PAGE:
The trail to Finger Point starts in the bush. You access the trail from the Ontario Tourist Information Office right at the Canadian border, so park your car in the lot. At the beginning of the trail, the uprooted trees weren't too bad, but as we got further down the trail,
they become a serious impediment. At times, having to skirt around, leap over, limbo under, and break our way through the fallen trees, we momentarily lost the path. From all the cracked bark and broken branches and trunks, the aromatic scent of balsam and spruce permeated the air and was quite delicious. Have you ever walked for kilometres with the scent of balsam filling your head? Then you know what I mean. The air was healing.
However, the blown down trees made going down the path so arduous, and the creaking and groaning of tall skinny old trees swaying ominously in the wind threatening to crash down at any moment spooked us, so we decided to walk along the shore instead. I had stopped to take photos of the trees but my son shouted at me, "Are you crazy? Don't you hear the trees? Look at them swaying! We have to hurry up and get out of here! This is not a photo-op moment." He was right. No time for photos in the bush.
The shore, however, was terribly windy. I stopped to re-wrap my scarf that used to be a poncho I bought in Cuetzalan but which I cut up to make it more practical. I wrapped its soft black cotton weave tightly around my head and ears and crisscrossed it around my neck to protect against the fierce wind. On the shore we scavenged for some driftwood poles to use as walking sticks. I found one that was just like a cane with a curved handle. Perfect! With my huivi (scarf) and my keppi (cane), I am sure if anyone crossed our path, he or she would think an old lady gnome just stepped out of the forest.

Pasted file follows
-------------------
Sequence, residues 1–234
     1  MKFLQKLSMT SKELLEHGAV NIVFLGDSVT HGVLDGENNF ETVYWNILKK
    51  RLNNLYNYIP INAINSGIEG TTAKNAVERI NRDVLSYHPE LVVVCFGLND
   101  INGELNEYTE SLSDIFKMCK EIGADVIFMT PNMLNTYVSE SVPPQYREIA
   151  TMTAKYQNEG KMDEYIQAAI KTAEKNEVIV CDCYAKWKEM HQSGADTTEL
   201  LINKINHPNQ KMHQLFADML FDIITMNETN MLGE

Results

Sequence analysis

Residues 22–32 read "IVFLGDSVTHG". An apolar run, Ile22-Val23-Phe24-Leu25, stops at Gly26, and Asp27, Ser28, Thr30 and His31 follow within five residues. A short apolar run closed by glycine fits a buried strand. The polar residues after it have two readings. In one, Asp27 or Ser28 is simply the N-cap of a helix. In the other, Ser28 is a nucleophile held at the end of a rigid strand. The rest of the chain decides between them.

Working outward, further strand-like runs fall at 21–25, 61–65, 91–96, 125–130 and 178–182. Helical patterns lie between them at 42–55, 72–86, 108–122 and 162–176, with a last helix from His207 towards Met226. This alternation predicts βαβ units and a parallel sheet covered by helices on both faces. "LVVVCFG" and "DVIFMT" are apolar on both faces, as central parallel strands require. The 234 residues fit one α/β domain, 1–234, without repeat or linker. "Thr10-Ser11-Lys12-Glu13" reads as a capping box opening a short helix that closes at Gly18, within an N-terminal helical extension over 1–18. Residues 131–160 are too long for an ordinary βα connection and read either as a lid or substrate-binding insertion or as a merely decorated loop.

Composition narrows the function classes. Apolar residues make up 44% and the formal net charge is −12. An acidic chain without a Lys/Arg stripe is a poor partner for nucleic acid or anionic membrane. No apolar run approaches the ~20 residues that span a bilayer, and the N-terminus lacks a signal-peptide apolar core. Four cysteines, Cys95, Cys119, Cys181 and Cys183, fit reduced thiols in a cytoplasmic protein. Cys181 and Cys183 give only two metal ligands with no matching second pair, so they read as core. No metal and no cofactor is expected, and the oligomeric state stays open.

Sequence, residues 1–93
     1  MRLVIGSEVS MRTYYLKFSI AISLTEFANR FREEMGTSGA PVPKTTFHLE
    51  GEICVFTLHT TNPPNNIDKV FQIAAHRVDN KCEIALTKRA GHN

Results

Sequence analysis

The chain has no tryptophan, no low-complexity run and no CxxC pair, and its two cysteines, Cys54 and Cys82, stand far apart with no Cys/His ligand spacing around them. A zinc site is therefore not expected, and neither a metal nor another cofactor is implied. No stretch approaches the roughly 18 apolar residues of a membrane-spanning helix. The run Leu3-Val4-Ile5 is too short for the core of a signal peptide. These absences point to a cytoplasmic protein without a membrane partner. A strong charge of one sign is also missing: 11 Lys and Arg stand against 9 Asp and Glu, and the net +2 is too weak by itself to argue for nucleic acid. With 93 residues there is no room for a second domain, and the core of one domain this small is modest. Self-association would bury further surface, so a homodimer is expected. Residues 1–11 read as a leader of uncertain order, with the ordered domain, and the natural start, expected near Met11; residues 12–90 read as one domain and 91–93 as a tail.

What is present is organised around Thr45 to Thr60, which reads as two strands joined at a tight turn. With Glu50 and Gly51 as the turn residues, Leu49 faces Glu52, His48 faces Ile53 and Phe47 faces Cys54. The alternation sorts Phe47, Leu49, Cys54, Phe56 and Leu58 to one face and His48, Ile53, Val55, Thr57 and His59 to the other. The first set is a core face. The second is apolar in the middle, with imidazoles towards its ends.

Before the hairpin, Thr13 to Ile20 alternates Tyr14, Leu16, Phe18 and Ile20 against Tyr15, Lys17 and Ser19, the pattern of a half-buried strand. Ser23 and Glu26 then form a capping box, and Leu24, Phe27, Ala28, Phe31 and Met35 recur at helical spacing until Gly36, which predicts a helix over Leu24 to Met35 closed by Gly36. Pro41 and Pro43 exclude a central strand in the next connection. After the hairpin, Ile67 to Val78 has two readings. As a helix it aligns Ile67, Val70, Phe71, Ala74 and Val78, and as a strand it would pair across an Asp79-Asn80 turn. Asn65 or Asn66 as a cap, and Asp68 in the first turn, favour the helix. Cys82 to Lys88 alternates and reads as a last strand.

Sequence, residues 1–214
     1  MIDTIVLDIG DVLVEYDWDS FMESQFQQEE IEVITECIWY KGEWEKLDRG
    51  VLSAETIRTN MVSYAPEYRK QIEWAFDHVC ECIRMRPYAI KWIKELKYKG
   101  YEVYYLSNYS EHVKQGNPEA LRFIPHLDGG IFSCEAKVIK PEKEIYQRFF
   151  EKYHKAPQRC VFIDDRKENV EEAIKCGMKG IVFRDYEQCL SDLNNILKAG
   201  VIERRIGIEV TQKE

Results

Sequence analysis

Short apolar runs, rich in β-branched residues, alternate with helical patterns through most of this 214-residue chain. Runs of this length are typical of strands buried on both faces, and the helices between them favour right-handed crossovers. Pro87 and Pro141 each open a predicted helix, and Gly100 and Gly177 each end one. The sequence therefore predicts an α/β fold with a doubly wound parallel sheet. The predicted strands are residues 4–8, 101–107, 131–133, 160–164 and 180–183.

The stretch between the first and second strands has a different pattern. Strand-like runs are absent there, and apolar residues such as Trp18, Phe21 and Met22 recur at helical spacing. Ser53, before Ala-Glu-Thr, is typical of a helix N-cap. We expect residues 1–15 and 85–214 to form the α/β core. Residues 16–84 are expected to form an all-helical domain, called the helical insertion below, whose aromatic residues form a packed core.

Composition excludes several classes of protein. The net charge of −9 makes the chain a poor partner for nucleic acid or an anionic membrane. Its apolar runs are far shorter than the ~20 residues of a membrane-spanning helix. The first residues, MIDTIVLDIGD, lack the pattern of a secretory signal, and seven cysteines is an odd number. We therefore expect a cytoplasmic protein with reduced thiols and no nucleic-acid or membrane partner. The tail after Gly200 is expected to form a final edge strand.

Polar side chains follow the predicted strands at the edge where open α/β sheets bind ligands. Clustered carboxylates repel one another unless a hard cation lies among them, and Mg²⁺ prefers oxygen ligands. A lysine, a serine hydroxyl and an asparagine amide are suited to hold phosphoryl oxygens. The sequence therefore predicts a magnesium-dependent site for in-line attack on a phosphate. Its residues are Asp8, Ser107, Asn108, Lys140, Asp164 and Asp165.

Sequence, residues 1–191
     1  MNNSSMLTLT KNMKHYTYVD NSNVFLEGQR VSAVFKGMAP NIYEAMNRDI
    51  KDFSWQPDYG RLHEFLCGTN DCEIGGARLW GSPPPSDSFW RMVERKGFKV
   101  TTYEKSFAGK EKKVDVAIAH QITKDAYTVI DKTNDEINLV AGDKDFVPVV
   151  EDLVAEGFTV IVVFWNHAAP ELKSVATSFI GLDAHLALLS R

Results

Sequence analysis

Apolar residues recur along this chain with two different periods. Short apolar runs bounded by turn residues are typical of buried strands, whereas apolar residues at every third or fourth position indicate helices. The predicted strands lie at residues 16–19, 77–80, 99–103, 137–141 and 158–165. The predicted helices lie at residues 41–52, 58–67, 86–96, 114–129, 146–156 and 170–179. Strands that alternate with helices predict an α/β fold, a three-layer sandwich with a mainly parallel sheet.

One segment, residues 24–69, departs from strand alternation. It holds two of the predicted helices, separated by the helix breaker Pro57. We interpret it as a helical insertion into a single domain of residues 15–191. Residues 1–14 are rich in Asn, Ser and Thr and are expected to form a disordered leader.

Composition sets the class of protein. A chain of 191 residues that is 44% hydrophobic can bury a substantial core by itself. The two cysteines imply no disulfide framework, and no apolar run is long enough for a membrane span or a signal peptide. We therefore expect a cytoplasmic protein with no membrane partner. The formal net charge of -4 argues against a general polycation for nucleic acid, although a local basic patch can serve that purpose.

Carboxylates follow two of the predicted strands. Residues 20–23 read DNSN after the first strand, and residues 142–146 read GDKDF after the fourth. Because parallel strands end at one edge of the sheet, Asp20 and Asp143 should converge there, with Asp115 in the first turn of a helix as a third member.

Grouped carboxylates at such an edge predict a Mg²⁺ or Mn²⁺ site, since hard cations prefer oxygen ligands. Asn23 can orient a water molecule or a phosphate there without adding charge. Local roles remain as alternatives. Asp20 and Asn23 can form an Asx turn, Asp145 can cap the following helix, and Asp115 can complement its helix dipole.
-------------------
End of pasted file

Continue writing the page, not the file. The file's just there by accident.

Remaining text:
After awhile, we had to give up walking along the shore, not only because it was quite difficult to navigate the hundreds of odd-shaped rocks, so you have to walk the whole way with your eyes to the ground, but also because the trail begins its climb towards the mound through the bush. So, it was back to battling blowdown.
When we got close to the top of the lookout, I turned around and noticed that you can see the mouth of the Pigeon River from this height of land. The US is on the left, Canada on the right, and the bay is Lake Superior. The sun was shining right at us, so it was difficult for me to get a photo without any glare.
As I mentioned in my last post, to get to the of the Finger Point lookout, you have to spiral along the edge of the path, which at this point is millions of pieces of shale rock. Earlier, where the path dips, there were huge rocks shaped like immense chairs that had broken off a cliff face. Patterns often repeat themselves, and I noticed the spiral designs in the iron artwork that wraps around the bench repeats the spiralling of the path to the lookout.
There are actually two mounds at the top of this lookout, like two hills or two breasts. One is bigger than the other. My son is sitting on the smaller one; the land just falls away behind it, which is hard to capture with a camera. The entire lookout is a magical place because it is not visible from the highway, yet it is just off of it. On the right, you can see a line that crosses the bush just below the horizon; that's Highway 61 cutting through. Yet few people realize as they speed down the highway to the US that there is a beautiful lookout on the other side of the trees. You can't see this bay from the road, but it is merely -- or should I say, literally, given the scores of fallen down balsam, spruce, birches and poplars on the path -- a hop, skip and a jump away.
On the way back, to avoid the worst of the fallen down trees, we got back onto the shore as soon as we could. Coming around a rock outcropping. we met a man with white hair, thin, older than us, with a camera in one hand and a cast on his other hand. He asked us how much farther to the lookout, whether the fallen trees ease up at all, and should he turn back? We told him that he's almost at the end, only about 20 more minutes, and that when the land begins to climb, there is less blowdown. We wished him well as we went our separate ways. A few steps later, my son and I wondered aloud why anyone with only one good hand would go on a hike through the bush. Never mind, I said, why would anyone risk hiking by themselves in the Canadian bush? What if you met a bear? a wolf? A tree fell on you? You tripped on a root and hit your head on the edge of a rock? You slid on the shale and tumbled down the ridge?
At the end of the trail, we decided to cut across the beach at the bottom of the bay. It is full of thousands of pieces of driftwood and logs that have collected here over the years. They are smooth as silk and have been bleached a pale grey by the sun.
The hike took us much longer than we anticipated due to the blowdown, and so we arrived home in the late afternoon. I do not recommend hiking this trail until next spring when the fallen trees have all been cleared. Then you can do the 5 k in a breeze.